The global death toll from the coronavirus is more than 138,000 with over 2 million infections confirmed, causing mass disruptions as governments continue to try to slow the spread of the new respiratory illness.
Here's a roundup of COVID-19 developments in RFE/RL's broadcast regions.
The Research Center of Iran's parliament says the death toll from the coronavirus pandemic in the country is likely to be double the official numbers.
According to figures released by the Health Ministry on April 16, the death toll from the coronavirus has risen to 4,869, while the number of infections stands at 77,995, making Iran home to the worst coronavirus outbreak in the Middle East.
The research arm of the Majlis, Iran's parliament, said in a footnote in a report issued this week and posted on its website that the actual number of deaths could be 0.8 times higher than the official tally and that the number of infections could be eight to 10 times higher than figures released by the Health Ministry.
"In order to have more compatibility between protocol and estimated statistics, it is necessary to increase laboratory and testing capabilities in the country," the report said.
"Needless to say that through increasing the capacities, diagnosis of disease will be more possible and spread of the disease will be more limited," it added.
A number of local officials as well as experts inside and outside the country in recent weeks have questioned COVID-19 figures released by Iran’s authorities, who keep a tight lid on the media, while suggesting that the real numbers are likely to be significantly higher.
Officials have claimed transparency while suggesting that the official tally is based on confirmed cases.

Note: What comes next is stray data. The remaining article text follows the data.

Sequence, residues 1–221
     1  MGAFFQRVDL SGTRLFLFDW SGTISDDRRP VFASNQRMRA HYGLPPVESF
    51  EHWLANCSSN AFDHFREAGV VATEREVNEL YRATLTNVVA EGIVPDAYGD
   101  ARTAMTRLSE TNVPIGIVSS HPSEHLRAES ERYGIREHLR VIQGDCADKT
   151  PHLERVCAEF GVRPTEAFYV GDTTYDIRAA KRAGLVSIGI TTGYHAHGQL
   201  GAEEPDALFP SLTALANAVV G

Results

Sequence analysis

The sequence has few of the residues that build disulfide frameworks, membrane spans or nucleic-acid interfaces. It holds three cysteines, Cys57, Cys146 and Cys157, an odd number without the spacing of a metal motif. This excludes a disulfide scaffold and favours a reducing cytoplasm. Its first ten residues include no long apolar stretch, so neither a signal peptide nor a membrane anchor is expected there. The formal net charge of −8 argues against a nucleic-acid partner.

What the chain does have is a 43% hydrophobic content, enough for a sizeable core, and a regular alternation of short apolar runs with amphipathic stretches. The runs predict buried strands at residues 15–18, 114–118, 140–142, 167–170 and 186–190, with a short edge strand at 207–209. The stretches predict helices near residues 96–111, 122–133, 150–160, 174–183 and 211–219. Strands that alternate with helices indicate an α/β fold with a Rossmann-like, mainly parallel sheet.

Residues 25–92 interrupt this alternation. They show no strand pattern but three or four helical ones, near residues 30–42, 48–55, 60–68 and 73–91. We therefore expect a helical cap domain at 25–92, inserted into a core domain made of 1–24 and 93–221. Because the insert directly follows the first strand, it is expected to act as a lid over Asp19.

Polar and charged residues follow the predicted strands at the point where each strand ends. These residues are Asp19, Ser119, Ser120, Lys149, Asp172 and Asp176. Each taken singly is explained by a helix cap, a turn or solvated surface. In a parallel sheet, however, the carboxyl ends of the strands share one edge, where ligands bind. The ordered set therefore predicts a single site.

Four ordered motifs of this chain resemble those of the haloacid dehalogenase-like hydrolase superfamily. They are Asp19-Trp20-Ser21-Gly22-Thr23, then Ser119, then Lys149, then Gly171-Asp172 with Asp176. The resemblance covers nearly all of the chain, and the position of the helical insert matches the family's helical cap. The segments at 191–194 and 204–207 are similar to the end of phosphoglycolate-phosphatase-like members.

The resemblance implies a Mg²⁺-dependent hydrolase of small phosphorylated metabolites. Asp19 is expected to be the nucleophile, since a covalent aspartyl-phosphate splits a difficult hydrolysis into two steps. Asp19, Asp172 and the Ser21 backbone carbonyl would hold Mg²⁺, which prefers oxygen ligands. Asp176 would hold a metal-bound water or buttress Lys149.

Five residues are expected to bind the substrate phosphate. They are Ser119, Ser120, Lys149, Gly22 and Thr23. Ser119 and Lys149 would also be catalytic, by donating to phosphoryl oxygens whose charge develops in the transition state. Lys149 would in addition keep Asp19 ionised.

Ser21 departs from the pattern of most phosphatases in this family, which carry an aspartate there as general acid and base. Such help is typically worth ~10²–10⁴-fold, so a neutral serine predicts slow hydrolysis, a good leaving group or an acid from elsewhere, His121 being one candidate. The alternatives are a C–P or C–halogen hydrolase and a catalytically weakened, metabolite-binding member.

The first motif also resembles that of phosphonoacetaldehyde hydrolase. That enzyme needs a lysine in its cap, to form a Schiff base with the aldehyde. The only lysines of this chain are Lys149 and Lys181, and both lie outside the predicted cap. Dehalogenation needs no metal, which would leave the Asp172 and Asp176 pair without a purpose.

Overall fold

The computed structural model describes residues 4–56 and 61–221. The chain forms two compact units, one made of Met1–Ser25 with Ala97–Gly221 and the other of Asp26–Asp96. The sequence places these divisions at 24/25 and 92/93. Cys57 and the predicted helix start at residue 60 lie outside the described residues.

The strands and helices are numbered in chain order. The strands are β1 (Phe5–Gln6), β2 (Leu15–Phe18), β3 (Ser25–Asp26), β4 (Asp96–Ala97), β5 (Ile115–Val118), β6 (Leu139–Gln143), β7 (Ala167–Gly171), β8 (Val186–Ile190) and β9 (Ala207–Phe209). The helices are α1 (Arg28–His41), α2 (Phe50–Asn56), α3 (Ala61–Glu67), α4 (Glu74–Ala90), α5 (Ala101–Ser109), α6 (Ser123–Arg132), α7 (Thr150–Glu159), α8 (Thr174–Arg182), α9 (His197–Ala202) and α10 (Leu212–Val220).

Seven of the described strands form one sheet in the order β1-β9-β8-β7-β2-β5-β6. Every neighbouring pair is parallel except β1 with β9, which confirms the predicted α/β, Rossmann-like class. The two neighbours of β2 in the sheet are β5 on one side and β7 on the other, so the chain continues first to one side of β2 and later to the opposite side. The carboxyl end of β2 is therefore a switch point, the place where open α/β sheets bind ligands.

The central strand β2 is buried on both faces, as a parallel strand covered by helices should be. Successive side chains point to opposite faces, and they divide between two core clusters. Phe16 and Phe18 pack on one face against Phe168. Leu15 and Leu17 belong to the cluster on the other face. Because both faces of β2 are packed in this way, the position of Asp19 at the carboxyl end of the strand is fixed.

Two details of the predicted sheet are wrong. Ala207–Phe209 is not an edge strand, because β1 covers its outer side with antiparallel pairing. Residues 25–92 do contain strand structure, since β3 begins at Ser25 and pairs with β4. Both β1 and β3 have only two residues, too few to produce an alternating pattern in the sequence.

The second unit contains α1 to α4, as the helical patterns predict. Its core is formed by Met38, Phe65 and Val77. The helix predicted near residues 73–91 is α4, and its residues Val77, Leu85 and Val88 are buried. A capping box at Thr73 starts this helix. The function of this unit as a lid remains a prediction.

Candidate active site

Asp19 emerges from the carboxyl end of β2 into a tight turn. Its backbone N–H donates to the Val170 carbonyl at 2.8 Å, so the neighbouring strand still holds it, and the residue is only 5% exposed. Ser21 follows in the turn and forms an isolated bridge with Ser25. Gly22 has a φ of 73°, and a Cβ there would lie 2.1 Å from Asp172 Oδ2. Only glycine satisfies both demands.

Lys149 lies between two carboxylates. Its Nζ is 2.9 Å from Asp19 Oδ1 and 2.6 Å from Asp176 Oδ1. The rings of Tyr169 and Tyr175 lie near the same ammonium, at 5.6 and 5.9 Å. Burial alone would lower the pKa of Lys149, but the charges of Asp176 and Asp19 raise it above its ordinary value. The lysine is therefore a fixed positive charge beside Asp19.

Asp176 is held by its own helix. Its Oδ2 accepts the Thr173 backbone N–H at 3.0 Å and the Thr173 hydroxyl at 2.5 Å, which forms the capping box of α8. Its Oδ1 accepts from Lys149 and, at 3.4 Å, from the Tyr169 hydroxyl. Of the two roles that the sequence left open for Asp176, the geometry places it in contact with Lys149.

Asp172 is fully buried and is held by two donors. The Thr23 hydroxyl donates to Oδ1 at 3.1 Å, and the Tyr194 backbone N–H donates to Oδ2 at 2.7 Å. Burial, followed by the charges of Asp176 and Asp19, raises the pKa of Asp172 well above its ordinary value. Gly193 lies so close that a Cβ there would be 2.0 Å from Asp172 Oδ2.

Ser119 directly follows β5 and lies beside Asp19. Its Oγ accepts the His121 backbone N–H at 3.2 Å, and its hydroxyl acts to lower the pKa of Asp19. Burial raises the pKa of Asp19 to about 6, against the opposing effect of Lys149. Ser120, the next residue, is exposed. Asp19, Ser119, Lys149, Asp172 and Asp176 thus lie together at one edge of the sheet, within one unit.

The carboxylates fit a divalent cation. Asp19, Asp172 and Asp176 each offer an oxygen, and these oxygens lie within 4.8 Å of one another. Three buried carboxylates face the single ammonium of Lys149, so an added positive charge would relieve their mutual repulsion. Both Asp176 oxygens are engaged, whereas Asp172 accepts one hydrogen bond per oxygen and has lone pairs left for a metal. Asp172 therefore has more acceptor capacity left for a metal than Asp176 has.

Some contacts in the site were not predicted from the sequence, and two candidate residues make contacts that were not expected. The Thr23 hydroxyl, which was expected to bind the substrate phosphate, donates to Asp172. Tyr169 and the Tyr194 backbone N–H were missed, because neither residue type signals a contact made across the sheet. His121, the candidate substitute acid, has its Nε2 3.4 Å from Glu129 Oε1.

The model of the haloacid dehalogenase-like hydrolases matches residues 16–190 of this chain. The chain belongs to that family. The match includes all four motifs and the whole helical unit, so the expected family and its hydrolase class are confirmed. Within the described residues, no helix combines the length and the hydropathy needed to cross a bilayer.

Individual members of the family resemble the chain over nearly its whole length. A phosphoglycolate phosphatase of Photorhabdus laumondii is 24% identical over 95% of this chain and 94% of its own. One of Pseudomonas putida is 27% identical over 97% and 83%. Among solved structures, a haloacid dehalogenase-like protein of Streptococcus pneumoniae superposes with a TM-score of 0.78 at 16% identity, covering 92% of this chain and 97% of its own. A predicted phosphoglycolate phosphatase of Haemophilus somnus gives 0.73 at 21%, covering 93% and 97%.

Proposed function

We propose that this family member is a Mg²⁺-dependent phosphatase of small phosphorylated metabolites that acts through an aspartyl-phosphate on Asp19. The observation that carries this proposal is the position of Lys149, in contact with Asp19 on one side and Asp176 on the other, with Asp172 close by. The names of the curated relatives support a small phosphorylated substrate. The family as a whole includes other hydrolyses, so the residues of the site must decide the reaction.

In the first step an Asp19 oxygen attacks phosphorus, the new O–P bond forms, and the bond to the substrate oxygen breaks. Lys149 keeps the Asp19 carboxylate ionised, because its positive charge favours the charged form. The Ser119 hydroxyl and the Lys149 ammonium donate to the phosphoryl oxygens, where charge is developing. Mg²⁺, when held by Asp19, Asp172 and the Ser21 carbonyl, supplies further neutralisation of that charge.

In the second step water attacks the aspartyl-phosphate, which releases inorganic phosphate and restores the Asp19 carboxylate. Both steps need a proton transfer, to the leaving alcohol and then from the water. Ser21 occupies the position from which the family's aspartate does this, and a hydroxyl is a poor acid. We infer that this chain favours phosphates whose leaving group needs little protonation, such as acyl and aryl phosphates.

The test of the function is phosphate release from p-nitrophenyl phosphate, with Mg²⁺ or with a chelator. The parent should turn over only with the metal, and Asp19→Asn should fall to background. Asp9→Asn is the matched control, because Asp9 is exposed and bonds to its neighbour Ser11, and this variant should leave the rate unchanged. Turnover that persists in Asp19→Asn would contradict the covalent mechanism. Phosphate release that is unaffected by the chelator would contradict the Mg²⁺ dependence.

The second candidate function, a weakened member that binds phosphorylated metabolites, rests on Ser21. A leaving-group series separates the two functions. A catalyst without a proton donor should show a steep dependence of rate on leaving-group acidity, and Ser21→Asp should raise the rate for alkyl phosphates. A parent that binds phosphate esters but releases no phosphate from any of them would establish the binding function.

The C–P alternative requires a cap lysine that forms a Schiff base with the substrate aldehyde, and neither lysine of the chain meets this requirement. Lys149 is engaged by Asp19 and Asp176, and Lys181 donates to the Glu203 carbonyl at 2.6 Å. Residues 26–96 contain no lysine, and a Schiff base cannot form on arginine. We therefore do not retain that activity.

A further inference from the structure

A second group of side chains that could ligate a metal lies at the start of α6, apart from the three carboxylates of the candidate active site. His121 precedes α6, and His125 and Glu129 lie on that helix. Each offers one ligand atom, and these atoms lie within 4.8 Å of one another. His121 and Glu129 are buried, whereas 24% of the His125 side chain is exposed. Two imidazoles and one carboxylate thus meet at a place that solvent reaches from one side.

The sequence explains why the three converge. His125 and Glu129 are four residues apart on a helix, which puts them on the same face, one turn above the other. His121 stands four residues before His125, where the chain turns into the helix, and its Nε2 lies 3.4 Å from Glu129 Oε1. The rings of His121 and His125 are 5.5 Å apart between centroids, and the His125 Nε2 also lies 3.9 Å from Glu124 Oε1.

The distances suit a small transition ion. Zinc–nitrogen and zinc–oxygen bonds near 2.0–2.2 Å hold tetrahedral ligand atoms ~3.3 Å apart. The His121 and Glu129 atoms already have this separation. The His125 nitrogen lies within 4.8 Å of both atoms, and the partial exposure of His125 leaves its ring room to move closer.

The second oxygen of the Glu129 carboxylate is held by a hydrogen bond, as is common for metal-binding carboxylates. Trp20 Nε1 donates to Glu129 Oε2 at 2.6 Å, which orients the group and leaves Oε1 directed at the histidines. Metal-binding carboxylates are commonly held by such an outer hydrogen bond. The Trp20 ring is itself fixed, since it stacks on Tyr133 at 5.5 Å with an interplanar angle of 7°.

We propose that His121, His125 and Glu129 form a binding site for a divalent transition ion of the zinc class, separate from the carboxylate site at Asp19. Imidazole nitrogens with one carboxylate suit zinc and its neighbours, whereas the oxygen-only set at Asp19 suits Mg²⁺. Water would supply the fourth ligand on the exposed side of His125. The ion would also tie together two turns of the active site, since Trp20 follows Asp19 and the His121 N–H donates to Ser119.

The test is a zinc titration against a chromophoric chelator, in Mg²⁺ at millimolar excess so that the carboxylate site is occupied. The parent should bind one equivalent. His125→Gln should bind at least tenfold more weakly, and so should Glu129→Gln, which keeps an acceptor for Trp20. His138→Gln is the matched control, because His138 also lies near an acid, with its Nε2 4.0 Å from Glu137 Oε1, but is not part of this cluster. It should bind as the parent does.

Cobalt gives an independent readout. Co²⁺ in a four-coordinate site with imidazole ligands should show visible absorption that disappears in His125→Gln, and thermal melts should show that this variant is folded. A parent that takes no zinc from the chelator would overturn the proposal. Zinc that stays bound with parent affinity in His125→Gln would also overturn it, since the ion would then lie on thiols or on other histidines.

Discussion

According to the Health Ministry, over 310,000 coronavirus tests have been conducted so far in Iran.
Deputy Health Minister Ali Reza Raisi on April 15 acknowledged that the "limits of testing" faced by his country meant it doesn't have accurate figures of all those infected.
Health officials have not commented on the new estimates.
Meanwhile, Reporters Without Borders (RSF) on April 15 condemned the continued persecution of Iranian journalists and citizen-journalists who publish information about the coronavirus outbreak without official approval.
The Paris-based media-freedom watchdog said the latest victim of the crackdown was Mahmud Shariri, a former national radio and TV presenter who is now active on social media.
Shariri was arrested by Intelligence Ministry officials in Tehran on April 14 for "publishing false information about the coronavirus" after he posted a video seen by hundreds of thousands of people that referred to a coverup of information about the spread of the virus in early March.
"His criticism of the handling of the health crisis and the lockdown has clearly annoyed the authorities, who have not said where he is being held," RSF said.
The group said Hadi Maharani and Saide Ahmadi, two activists who run news channels in Tehran and the western Kurdistan Province, were arrested earlier in April for posting information about the epidemic.